at specific genomic loci in plants (Plant Journal, 44:693). ZFNs consist of a Cys2His2 zinc finger domain
engineered to bind a particular gene sequence and the non-specific nuclease domain of the FokI restriction
enzyme. These artificial proteins introduce double-stranded breaks at specific DNA sequences and thereby
greatly increase the rate of homologous recombination at the cleaved locus. ZFN-mediated gene targeting
provides many uses in both basic and applied plant biology; however, the general application of this
technology depends critically on the ability to design zinc finger domains targeted to any desired DNA
sequence. To address this need, the Zinc Finger Consortium was established to promote continued research
and development of engineered zinc finger technology. In initial work, the Consortium developed a
unified, robust, and user-friendly zinc finger engineering platform (Nature Protocols, 1:1637). A
comprehensive archive of plasmids was created that encode more than 140 well-characterized zinc-finger
modules together with complementary web-based software for identifying potential zinc-finger target sites
in a gene of interest. The Consortium also developed protocols for rapidly testing the DNA-binding
activities of assembled multi-finger arrays in bacterial and yeast cell-based reporter assays as well as
vectors for the expression of zinc finger nucleases in plants. Results will be presented on the use of ZFNs
generated with Consortium reagents to modify native plant genes.

                                          Oral Presentations

1.      Expression of branched chain fatty acid genes in Arabidopsis
Xiaomin Yu, Yuqin Jin, Basil Nikolau, Eve Wurtele
Dept. of Genetics, Development and Cell Biology, Iowa State University, IA50011

Vegetable oils are composed of linear fatty acids. Although these oils provide desirable lubricant
properties, the suboptimal oxidative stability at high temperatures and high pour point temperature of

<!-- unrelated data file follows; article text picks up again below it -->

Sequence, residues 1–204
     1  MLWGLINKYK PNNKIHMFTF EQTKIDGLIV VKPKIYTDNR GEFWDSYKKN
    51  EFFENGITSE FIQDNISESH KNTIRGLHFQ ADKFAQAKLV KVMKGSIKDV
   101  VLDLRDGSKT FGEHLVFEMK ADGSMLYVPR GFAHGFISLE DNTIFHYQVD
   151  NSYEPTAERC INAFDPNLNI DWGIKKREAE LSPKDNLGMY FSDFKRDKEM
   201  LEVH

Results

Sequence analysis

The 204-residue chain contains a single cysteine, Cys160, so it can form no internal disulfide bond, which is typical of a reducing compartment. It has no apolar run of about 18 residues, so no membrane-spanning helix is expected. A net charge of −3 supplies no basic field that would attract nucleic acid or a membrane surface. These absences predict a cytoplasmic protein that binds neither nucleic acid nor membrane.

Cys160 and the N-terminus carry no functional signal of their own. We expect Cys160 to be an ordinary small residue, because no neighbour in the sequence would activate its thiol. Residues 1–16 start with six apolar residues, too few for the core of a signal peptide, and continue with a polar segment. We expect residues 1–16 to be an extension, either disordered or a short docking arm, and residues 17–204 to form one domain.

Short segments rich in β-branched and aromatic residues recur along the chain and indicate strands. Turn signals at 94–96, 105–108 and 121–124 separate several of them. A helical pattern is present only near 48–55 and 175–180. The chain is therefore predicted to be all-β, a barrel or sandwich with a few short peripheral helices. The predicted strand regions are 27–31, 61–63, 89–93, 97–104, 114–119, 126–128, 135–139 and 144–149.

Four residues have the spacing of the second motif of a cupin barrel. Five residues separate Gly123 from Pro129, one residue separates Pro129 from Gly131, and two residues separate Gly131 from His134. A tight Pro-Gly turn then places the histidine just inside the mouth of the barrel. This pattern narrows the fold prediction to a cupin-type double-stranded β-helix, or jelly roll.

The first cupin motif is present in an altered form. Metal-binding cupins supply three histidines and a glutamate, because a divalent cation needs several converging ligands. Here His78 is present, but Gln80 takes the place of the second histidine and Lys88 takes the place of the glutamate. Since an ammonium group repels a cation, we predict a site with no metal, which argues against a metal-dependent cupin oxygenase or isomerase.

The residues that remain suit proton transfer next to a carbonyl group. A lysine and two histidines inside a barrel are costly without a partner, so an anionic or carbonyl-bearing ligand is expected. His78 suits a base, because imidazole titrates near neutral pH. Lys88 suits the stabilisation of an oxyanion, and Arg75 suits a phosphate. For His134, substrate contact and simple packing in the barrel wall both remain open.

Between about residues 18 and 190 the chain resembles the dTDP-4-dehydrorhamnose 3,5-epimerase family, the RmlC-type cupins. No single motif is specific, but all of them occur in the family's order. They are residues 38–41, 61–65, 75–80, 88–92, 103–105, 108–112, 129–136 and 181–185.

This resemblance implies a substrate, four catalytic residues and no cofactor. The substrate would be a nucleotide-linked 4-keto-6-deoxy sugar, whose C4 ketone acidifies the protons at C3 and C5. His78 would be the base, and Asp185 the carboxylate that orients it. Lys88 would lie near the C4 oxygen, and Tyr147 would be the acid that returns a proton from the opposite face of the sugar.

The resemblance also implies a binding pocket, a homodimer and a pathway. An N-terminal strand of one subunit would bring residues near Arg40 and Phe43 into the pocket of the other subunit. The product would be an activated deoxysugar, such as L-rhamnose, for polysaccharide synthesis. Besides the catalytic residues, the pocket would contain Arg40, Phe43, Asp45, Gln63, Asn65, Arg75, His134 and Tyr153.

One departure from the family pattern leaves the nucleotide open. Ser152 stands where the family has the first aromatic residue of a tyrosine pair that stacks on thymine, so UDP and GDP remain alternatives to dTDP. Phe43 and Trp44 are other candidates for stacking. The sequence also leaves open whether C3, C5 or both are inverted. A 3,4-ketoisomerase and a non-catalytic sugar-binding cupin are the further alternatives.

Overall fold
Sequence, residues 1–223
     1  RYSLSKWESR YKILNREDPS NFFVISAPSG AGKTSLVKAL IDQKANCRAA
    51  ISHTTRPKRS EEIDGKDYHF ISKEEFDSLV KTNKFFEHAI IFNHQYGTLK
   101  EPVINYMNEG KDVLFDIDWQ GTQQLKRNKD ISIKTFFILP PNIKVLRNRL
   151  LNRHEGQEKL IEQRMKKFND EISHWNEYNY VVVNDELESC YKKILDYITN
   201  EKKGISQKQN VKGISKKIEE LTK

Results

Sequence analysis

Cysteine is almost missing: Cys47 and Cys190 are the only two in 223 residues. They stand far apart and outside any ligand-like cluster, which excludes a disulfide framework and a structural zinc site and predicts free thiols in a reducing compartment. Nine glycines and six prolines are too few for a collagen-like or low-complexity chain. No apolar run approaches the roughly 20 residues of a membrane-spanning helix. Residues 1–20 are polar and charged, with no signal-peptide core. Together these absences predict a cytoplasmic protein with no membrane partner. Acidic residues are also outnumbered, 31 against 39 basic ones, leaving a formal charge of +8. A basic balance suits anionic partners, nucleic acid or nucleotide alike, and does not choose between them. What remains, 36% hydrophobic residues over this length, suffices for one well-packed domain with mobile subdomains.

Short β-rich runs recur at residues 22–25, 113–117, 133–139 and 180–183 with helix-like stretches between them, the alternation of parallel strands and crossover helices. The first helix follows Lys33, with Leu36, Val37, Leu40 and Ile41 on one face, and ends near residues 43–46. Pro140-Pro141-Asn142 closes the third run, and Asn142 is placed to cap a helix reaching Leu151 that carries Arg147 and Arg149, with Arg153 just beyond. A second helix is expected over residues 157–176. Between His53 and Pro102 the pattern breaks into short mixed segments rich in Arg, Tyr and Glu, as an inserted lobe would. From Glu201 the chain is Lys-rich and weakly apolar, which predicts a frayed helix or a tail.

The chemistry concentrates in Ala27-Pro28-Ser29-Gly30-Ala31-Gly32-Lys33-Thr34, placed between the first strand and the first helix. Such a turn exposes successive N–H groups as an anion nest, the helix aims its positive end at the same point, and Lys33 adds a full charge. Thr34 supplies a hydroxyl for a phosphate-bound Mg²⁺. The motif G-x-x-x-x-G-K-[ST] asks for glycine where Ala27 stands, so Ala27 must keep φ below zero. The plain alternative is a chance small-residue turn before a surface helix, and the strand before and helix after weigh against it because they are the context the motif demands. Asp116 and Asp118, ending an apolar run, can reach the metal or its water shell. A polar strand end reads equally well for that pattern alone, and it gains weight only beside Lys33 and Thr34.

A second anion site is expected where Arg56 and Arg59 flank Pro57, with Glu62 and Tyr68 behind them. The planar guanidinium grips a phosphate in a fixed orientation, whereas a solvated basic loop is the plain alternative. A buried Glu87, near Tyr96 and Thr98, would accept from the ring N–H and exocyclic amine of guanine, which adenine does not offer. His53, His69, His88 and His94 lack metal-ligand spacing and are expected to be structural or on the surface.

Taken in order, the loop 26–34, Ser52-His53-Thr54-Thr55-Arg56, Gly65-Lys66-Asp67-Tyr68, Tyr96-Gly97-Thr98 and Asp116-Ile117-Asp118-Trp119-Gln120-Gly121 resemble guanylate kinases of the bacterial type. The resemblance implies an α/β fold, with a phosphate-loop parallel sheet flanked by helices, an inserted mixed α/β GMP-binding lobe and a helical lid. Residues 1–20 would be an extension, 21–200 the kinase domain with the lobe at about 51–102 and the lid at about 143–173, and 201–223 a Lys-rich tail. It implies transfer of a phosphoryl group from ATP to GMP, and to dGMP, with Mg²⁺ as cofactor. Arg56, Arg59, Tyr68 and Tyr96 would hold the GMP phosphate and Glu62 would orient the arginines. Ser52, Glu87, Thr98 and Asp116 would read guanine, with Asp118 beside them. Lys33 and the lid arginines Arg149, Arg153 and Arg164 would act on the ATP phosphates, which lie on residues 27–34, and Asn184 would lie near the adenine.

vegetable oils limit their applications. Esters of branched chain fatty acids can substantially improve these
qualities. Either of two Bacillus genes (yhfB and yjaX), homologs of the E.coli and Arabidopsis KASIII
enzymes, can confer branched chain fatty acid biosynthesis in E.coli, which does not normally produce
these fatty acids. Our hypothesis is that introduction of yhfB and/or yjaX might alter fatty acid
composition by inducing branched chain fatty acid biosynthesis in Arabidopsis. Both non-targeted and
plastid-targeted expression of these two genes was conducted. Our results show that each of these two
proteins accumulates in transgenic plants. GC-MS is being used to determine whether branched chain fatty
acids or other novel compounds accumulate in these transgenic lines.

2.   Isolation and Characterization of Proteins Associating with Calcium
Oxalate Crystals.
Wyman, Aaron J. [1], Klanrit, Preekamol [1], Manalo, John P. M. [2], Ali, Ahson [3], Walker,
Sheryl A. [1], Anderson, Carrie M. [1], Webb, Mary Alice [1].
1 - Purdue University, Botany and Plant Pathology, West Lafayette, IN, 47907,
2 - Wabash College, Biology, Crawfordsville, IN, 47933,
3 - Wabash College, Chemistry, Crawfordsville, IN, 47933,

The process of biomineralization has become increasingly important in fields ranging from materials
sciences to medicine. However, many factors controlling biomineralization in vivo remain uncharacterized.
The Webb lab is working on further elucidating calcium oxalate (CaOx) crystal formation in several
eukaryotic systems, including plants. Plants [including grape (V. labrusca)] are hypothesized to form
CaOx crystals for several reasons, including protection against herbivory, heavy metal detoxification, and
as a mechanism to remove excess cytosolic calcium. Previous work on organisms that form calcium
biominerals has implicated both inter and intra-crystalline proteins as having roles in controlling crystal
growth and morphology. Similarly, the Webb lab has identified and investigated proteins associating with
needle-shaped CaOx crystals (raphides) in grape. Among these raphide-associated proteins (RAPs) is a
homolog of mammalian cochaperone Hsp-70 interacting protein (Hip). We present characterizations of the
structure and function of several plant Hip orthologs. To identify more grape RAPs, we have utilized
proteomics approaches. Both inter and intra-crystalline associating proteins were extracted, separated by
SDS-PAGE, and analyzed by MALDI-MS to identify their peptide sequences. BLAST searches based on
these amino acid sequences were conducted to identify possible eukaryotic homologs. We are cloning and
expressing grape DNA sequences encoding for identified homologous proteins to investigate their
polypeptides’ effects on CaOx crystal development in vitro. It is hoped these findings will further elucidate
CaOx formation in vivo and potentially aid development of methods for modifying the growth of human
CaOx kidney stones.

3.    Design, Assembly and Cleavage Characteristics of Zinc Finger Nucleases
for Gene Targeting in Plants
Tovkach Andriy and Tzfira Tzvi
Department of Molecular, Cellular and Developmental Biology, University of Michigan, Ann